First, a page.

Even as my husband, close friends (including the mother of the 9 year old), and family are rolling with laughter at the thought of me being described as calm, I must say I get this a lot. People frequently say to me, “You’re always so calm and peaceful. How do you do it?” In fact, the client I just saw said those very words which inspired me to sit down and write this post. (She followed up by saying, “you’re so cool.” Gush!)
Just to set the record straight, I have spells of feeling quite the opposite of calm and even-tempered. I’m human (not marsupial). I fly off the handle and scream at my husband and get sassy with customer service representatives on the phone. Overall, however, I feel incredibly stress-free most of the time – think panda chilling and chewing on some bamboo. I attribute this to my amazing job and skillful self-care. I’m not in the business of giving career advice but I can help you with self-care.
Effective and nourishing self-care requires planning and commitment. I often find that when I haven’t scheduled self-care practices into my day or week they fall by the wayside. For me, self-care includes regular bodywork like acupuncture, Rolfing, massage, chiropractic, and Reiki. I have assembled an awesome team of gifted healing practitioners who keep me running like a well-oiled machine. I also make time in my schedule for regular yoga and meditation practice along with journaling and walking. Another essential element in my self-care mix involves syncing my life with my monthly cycle. Ladies, we’re quite lucky that we have a monthly reminder to slow down and release things that no longer serve us.
For me, self-care is a lifestyle choice. Even though I’ve chosen to work a bit less than most in order to focus on things that truly bring me joy and satisfaction, I often hear those voices telling me that I’m lazy or don’t deserve to be stress-free and content. For me, radical self-care is choosing to claim my worth. It’s such a big deal!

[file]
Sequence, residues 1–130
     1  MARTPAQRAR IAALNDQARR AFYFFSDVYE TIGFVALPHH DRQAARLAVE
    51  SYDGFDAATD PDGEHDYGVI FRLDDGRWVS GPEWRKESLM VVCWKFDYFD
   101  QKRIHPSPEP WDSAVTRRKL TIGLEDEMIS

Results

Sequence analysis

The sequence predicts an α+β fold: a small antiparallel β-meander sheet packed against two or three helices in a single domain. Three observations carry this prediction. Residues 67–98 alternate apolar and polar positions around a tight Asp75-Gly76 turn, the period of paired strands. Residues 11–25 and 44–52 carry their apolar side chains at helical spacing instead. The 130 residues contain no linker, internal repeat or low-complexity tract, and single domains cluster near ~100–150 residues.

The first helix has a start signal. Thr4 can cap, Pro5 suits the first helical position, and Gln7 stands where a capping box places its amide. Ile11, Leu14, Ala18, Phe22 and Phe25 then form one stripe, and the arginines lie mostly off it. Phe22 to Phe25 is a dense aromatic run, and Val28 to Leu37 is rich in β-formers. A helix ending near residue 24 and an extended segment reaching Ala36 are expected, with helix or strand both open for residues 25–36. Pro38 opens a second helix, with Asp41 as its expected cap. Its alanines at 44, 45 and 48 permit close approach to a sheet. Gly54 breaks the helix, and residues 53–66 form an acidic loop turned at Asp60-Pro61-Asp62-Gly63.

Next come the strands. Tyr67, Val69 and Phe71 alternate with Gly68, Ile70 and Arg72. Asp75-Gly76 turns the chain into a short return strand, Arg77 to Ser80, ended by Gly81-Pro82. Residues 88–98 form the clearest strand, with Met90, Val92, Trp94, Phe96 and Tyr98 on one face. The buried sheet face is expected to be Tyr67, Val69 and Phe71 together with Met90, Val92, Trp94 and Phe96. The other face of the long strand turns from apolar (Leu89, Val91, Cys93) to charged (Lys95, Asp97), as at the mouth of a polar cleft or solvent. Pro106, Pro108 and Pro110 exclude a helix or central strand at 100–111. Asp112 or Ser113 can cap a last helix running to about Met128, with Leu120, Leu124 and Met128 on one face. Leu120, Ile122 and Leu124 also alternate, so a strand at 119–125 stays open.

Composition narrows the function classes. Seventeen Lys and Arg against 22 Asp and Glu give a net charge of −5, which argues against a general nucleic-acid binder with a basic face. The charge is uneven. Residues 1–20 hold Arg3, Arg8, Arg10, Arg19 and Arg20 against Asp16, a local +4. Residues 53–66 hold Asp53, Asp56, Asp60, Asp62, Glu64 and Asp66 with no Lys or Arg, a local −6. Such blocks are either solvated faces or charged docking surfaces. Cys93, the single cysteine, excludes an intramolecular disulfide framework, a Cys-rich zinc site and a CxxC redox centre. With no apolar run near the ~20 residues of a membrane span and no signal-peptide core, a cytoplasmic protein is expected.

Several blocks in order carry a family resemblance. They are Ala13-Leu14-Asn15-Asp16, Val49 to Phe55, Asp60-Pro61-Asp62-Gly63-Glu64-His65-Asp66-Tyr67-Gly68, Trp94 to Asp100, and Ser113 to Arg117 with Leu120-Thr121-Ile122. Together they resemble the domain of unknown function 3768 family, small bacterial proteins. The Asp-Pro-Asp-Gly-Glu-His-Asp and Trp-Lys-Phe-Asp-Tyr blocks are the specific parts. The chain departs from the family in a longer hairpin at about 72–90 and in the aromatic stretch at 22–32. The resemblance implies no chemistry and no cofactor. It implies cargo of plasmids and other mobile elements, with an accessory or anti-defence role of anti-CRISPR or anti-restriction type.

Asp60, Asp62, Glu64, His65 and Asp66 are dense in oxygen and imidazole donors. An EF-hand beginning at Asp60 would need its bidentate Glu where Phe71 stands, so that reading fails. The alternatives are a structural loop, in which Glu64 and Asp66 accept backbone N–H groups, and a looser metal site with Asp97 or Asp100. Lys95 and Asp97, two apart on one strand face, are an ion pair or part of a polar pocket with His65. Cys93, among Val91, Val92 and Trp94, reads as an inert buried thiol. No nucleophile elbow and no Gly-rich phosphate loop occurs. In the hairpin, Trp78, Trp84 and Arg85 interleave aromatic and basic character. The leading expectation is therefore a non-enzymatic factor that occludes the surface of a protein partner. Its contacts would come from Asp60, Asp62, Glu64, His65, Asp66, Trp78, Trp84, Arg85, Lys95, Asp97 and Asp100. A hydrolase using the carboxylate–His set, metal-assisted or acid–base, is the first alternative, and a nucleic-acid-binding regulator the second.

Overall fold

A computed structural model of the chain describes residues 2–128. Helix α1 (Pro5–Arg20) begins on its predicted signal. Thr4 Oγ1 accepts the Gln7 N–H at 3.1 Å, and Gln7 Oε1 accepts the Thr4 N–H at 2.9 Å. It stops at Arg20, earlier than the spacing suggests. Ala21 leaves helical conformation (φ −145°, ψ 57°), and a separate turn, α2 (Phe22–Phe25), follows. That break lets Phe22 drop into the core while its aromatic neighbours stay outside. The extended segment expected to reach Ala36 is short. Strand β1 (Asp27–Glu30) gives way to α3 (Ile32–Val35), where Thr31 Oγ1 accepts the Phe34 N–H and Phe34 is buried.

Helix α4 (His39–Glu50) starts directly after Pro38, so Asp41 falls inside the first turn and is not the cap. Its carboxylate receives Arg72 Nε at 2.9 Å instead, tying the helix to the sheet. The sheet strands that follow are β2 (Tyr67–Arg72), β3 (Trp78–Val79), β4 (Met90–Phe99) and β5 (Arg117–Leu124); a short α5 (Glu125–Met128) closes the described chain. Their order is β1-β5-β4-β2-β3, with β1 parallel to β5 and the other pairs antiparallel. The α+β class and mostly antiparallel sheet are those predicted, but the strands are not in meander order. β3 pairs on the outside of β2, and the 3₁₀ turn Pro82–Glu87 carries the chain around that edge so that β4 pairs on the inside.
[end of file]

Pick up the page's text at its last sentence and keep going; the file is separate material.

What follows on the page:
Self-care is a choice and sometimes a difficult one at that. There’s space in even the busiest schedules for nourishing and supportive practices. Aren’t sure where to start? I’d love to be a part of your self-care routine, whether that’s through yoga, massage, or energy healing. Drop me a line and we can make a plan for you. And let’s not forget the vital question that started it all: What’s your spirit animal?
Every January, my yoga classes explode; by March they’re back to normal size. I see this as evidence of the damaging New Year’s Resolution Cycle. Some of us New Year’s Rezzers do indeed accomplish our goals by December 31st but far too many of us set ourselves up to fail. Besides, how do we reconcile this culture of self-improvement with the yogic teachings that we are already enough/perfect/whatever it is we are striving to be? I’m finding the answer is in the present moment.
Many self-improvement goals take us far beyond the present moment to a future place of smaller pants and greater peace. When we live that far in the future, we can’t possible be present for ourselves and the people around us. Consider taking your eyes off the prize in order to cultivate a new level of awareness and self-compassion. Mindfulness is a great tool for this. I’m currently reading The Mindful Path to Self-Compassion, an incredibly practical book which also encourages me to “let it happen” instead of “make it happen.” Expect to see these themes woven throughout my classes in the coming weeks and months.
Happy New Year! I look forward to seeing the same old you soon.